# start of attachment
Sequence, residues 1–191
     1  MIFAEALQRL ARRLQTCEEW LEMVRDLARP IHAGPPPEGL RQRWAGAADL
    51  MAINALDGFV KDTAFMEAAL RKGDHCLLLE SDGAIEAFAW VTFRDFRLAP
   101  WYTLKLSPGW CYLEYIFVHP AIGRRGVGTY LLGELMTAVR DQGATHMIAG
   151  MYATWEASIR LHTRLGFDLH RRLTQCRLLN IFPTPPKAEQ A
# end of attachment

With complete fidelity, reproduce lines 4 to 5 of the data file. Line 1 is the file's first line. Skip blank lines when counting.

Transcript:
   101  WYTLKLSPGW CYLEYIFVHP AIGRRGVGTY LLGELMTAVR DQGATHMIAG
   151  MYATWEASIR LHTRLGFDLH RRLTQCRLLN IFPTPPKAEQ A